The 2019 general session passed the half way mark last week and is scheduled to run through Wednesday, February 27, 2019, with five additional days available if needed. The Legislature will not convene February 18 in observance of Presidents' Day.
The final count for bills and resolutions listed on the Wyoming Legislature website this session is 499. Bills can be found here.
This year's Gillette Area Leadership Institute class headed to Cheyenne for their yearly visit to the Legislature. Governor Mark Gordon met with the class as they toured the Governor's Mansion, and then signed Senate Resolution 1, declaring December 10, 2019 as the official 150th anniversary of Wyoming Women's Suffrage.
The class will continue to visit with lawmakers and explore Cheyenne through Friday.
There were a variety of amendments to the Wyoming Business Council budget that were considered in both the house and senate budget discussions. Please find a summary below of those that passed. Any amendments that passed one chamber but not the other will need to be worked out in a conference committee assigned to work through proposed differences in the budget.
House passed amendments:
The house and senate differ by about $80 million on their marked up supplemental budgets and are continuing to meet and discuss ways to close the gap. A conference committee(s) will be assigned to work out the differences between the house and senate versions of the budget.
House Bill 66, the Statewide Lodging Tax, was introduced to the Senate on Monday and has been referred to the Senate Committee for Travel, Recreation, Wildlife & Cultural Resources. (Senator Driskill is Committee Chairman, Gillette Senator Wasserburger is also a member of the Travel Committee.)
Senate File 43, the Hathaway Scholarship bill that will modify the Hathaway Scholarship Program to allow for a career technical aptitude test to satisfy Hathaway Scholarship eligibility requirements, has passed both the House and Senate. It awaits Governor Gordon's signature.
Don't forget that March 19 is our Legislative Wrap-Up Breakfast. You can register online or by calling 307-682-3673. We will once again be hosting our local legislators at the Gillette College Technical Education Center at 7 a.m. Breakfast from Pokey's BBQ starts at 6:30 a.m.
The fourth week for the legislative session ended Friday. Much of the week was dedicated to supplemental budget appropriations bills. Both houses spent a couple of long days and nights working through their versions, ending up roughly $70 million apart. There were a variety of amendments to the budget that were considered in both the house and senate budget discussions.
House passed amendments
Senate passed amendments
February 1 was the final day for bills to be reported out of committee in their respective houses of origin, meaning many of the House Bills, Senate Files and Resolutions will not be considered any further this legislative session. Monday, February 4 was the final day for bills to be heard by the Committee of the Whole in their house of origin. Tuesday, February 5 and Wednesday, February 6 are the final days for second and third readings, respectively.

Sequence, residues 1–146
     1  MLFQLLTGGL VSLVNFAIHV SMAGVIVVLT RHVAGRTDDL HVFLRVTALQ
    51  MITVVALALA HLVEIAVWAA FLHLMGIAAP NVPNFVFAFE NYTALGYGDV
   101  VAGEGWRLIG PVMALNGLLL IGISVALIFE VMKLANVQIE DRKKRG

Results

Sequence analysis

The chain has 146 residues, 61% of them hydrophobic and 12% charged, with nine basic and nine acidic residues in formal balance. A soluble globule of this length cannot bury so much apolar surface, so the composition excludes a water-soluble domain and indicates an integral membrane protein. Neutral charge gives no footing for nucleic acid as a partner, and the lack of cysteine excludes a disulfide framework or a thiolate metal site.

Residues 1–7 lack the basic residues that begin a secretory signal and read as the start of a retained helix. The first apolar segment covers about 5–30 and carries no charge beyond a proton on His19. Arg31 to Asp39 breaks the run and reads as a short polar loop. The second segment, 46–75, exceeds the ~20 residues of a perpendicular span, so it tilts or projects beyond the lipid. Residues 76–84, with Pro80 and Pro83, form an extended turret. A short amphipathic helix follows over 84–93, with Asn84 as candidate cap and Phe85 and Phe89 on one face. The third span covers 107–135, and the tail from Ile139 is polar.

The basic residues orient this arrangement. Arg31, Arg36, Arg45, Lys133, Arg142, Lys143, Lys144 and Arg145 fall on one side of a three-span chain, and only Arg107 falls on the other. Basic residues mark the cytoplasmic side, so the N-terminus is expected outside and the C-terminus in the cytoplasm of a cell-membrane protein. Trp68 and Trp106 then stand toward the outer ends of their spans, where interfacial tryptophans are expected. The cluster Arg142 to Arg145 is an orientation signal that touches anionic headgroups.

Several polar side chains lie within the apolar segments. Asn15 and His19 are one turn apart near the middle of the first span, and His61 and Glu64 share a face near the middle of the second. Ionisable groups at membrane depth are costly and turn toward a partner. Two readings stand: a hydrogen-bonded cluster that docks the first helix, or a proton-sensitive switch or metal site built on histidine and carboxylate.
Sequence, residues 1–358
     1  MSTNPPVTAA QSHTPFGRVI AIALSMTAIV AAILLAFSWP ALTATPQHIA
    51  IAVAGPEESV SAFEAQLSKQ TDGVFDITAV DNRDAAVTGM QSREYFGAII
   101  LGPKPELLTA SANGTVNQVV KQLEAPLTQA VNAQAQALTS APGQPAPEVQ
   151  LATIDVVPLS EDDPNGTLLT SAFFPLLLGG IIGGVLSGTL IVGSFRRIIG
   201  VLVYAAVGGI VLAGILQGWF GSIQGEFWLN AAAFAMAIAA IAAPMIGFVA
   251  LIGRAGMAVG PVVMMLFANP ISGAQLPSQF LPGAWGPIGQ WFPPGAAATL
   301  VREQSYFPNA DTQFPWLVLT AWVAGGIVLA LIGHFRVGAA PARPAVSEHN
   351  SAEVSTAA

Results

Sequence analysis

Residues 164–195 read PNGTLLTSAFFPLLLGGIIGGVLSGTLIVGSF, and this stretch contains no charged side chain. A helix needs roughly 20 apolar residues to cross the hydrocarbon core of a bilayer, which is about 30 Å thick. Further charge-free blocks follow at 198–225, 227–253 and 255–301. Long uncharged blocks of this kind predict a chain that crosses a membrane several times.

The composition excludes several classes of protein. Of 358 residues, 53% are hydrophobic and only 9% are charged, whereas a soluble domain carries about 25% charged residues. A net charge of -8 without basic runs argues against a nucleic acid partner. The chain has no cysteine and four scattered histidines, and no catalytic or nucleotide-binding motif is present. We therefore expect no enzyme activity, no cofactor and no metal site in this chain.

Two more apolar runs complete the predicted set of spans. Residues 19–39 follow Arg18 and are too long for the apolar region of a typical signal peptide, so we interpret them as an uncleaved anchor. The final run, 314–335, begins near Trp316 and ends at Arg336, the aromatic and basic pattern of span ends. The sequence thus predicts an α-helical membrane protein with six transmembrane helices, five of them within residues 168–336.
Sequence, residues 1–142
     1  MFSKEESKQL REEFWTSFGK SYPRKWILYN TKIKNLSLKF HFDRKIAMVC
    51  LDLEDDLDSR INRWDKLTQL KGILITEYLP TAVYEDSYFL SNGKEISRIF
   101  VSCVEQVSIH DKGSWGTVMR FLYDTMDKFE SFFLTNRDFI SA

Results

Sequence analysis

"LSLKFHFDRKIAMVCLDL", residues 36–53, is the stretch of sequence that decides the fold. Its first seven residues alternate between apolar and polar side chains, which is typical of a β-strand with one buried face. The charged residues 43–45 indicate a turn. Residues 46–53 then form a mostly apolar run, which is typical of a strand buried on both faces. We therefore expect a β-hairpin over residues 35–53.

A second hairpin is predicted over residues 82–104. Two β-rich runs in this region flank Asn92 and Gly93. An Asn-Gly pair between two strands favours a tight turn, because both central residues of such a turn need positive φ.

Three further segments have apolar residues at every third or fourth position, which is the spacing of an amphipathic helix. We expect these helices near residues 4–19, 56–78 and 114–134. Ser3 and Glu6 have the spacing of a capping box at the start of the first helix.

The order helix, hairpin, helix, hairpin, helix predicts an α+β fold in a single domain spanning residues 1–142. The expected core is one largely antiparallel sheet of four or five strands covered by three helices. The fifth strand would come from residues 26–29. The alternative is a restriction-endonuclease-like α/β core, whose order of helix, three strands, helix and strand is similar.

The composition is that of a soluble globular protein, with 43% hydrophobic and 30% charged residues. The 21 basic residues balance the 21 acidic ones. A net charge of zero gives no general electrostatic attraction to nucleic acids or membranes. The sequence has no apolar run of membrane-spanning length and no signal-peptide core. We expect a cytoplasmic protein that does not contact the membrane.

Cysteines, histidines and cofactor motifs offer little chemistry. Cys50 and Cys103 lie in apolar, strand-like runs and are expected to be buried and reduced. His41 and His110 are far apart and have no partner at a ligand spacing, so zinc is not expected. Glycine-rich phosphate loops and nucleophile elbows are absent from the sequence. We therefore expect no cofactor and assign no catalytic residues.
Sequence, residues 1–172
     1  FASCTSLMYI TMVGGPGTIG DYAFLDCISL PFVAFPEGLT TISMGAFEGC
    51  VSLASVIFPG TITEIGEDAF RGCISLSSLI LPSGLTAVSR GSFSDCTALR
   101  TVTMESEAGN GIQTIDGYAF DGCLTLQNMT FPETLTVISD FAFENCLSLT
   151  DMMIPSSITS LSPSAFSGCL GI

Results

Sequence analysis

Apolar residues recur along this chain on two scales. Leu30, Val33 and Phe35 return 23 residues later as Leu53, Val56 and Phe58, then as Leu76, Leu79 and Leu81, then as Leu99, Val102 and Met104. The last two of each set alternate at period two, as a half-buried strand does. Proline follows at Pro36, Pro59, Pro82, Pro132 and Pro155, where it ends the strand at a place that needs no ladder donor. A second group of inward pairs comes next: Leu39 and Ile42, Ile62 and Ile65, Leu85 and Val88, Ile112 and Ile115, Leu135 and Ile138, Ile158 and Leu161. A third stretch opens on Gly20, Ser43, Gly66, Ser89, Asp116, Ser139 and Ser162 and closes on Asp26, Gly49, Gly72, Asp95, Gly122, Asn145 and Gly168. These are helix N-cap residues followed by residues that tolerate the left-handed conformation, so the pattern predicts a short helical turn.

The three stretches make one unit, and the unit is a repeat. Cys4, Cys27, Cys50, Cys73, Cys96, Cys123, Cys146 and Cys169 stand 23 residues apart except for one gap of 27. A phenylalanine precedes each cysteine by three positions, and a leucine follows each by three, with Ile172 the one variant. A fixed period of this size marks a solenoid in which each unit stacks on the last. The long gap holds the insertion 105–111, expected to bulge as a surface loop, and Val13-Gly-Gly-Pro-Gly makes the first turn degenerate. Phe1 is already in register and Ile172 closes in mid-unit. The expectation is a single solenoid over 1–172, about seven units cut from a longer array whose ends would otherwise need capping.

Senate File 43, which passed the Senate on January 16 and has been sent to the House Committee for Education, is the Hathaway Scholarship Eligibility Act, supported by the Wyoming State Chamber of Commerce. The Hathaway Scholarship bill would help raise awareness for Career and Technical Education. Governor Mark Gordon signed a proclamation for Career and Technical Education on Monday.
House Bill 93 would create a tourism improvement district (TID). An assessment is placed on tourism businesses within a designated geographic area and the funds raised through the assessment are used for specific tourism marketing purposes. The bill will be written as enabling legislation, meaning that it allows for the conversation about Tourism Improvement Districts in your communities but it does not create or mandate anyone to utilize a TID. That bill passed the House on February 1 and was introduced to the Senate, then referred to the Senate Committee for Corporations on Tuesday, February 5.
Bills that have died:
House Bill 67, the Sales Tax Revision bill that would have removed the sales tax exemption on home-prepared foods, data centers and manufacturing, and reduced the state sales tax to 3.5%. The Wyoming Taxpayer's Association opposed this bill.
House Bill 72, Wage Transparency, that would have prohibited employers from barring employees from disclosing wage information and would have prohibited employers from requiring employees to waive wage disclosure rights.
House Bill 167, the severance tax reduction on coal, has been postponed indefinitely. It was introduced by Gillette Representative Hallinan and supported by Represenatives Clem and Edwards.
63rd Wyoming Legislature